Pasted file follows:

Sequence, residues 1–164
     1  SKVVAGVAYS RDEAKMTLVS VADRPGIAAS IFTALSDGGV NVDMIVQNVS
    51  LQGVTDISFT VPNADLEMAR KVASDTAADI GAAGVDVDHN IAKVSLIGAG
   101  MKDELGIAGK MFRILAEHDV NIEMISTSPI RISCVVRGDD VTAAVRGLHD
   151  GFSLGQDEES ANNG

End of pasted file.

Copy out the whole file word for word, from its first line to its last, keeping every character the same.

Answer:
Sequence, residues 1–164
     1  SKVVAGVAYS RDEAKMTLVS VADRPGIAAS IFTALSDGGV NVDMIVQNVS
    51  LQGVTDISFT VPNADLEMAR KVASDTAADI GAAGVDVDHN IAKVSLIGAG
   101  MKDELGIAGK MFRILAEHDV NIEMISTSPI RISCVVRGDD VTAAVRGLHD
   151  GFSLGQDEES ANNG